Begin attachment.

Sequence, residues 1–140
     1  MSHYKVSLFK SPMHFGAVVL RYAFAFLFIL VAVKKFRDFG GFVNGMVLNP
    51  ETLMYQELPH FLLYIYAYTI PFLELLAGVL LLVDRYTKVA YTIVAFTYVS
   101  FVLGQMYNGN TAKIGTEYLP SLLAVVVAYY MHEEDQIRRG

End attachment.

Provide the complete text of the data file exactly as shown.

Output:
Sequence, residues 1–140
     1  MSHYKVSLFK SPMHFGAVVL RYAFAFLFIL VAVKKFRDFG GFVNGMVLNP
    51  ETLMYQELPH FLLYIYAYTI PFLELLAGVL LLVDRYTKVA YTIVAFTYVS
   101  FVLGQMYNGN TAKIGTEYLP SLLAVVVAYY MHEEDQIRRG